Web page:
France has a special ‘inpatriate’ scheme designed to help attract company directors and employees to France by providing partial income tax exemptions, subject to certain conditions and for a period of up to eight years.
The inpatriate tax regime applies to individuals who were not resident of France for tax purposes during the five calendar years prior to taking up their duties in a company based in France which recruits them directly outside of France. This includes employees and directors who are posted or made available as part of an intra-group transfer, for instance, from a foreign parent company to a subsidiary based in France.
The inpatriate regime provides the following income tax and capital gains tax exemptions:
- Exemption of additional compensation directly linked to the exercise of a professional activity in France (premium). This can be deemed to be 30% of the remuneration for those recruited outside of France; and
- Duties carried out outside of France are exempt.
Investment income and capital gains
- 50% exemption of income from non-French investments (bonds, dividends, interest, royalties, etc); and
- 50% exemption of capital gains realised on non-French shares and securities.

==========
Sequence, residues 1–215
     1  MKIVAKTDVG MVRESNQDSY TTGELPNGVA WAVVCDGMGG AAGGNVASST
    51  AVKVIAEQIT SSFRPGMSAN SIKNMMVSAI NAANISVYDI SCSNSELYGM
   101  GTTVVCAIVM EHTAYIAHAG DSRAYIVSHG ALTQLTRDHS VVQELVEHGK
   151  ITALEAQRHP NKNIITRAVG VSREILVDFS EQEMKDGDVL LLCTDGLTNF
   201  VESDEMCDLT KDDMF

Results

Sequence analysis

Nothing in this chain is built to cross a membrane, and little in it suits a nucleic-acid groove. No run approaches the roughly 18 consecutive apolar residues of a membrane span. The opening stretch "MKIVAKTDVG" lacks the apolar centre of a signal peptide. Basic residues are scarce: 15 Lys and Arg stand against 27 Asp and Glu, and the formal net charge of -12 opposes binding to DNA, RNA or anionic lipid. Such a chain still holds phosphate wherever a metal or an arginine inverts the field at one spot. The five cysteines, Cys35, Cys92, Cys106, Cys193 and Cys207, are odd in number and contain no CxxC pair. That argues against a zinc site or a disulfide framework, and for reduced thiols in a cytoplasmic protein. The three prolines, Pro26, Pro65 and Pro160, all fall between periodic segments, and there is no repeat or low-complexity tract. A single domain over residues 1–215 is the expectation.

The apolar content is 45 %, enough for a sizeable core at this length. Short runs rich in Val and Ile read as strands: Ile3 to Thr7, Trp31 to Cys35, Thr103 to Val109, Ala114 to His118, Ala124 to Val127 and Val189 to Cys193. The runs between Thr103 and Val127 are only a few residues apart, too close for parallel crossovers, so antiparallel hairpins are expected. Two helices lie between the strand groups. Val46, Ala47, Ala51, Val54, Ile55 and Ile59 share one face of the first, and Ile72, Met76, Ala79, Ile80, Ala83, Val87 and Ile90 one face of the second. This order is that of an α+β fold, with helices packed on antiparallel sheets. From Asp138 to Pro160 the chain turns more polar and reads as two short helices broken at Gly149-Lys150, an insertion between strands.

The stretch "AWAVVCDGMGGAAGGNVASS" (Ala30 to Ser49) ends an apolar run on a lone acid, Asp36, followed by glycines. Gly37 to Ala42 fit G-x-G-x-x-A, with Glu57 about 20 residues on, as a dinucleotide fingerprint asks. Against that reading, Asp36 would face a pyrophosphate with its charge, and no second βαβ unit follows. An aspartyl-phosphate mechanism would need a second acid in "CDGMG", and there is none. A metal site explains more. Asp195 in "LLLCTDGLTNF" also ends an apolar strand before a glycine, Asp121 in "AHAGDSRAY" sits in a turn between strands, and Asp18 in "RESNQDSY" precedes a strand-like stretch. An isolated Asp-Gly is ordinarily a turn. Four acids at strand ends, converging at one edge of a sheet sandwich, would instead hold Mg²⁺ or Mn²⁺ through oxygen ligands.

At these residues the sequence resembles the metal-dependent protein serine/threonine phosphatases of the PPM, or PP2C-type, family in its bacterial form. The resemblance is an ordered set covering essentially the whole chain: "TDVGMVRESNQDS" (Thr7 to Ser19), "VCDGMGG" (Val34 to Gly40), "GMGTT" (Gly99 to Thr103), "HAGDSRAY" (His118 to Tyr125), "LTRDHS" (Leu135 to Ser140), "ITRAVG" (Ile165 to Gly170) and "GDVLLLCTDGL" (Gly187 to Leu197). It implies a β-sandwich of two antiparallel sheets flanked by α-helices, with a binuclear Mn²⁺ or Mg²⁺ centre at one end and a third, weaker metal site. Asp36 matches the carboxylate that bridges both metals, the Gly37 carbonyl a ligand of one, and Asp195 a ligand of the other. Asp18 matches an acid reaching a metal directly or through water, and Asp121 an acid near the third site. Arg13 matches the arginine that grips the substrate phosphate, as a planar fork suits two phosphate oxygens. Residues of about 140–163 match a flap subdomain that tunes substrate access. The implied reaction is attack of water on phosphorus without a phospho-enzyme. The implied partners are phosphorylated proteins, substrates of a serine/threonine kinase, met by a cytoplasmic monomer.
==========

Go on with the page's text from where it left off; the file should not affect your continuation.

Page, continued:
The above exemptions do not apply to social charges, which remain payable at a rate of 9.7% on employment income and 17.2% on investment income and capital gains.
The inpatriate scheme applies statutorily to all eligible employees and directors and does not therefore involve any preliminary procedures with the French tax authorities. It is however good practice to establish whether the regime is applicable before moving to France or accepting a job offer.
For further information, please speak to your usual Druces contact or:
- François Mounielou at email@example.com or +44(0)20 3794 5958
- David Anderson at firstname.lastname@example.org or +44 (0)755 7388 910
Please note this article is for general information. You should not rely on it without advice on the specific facts of your case.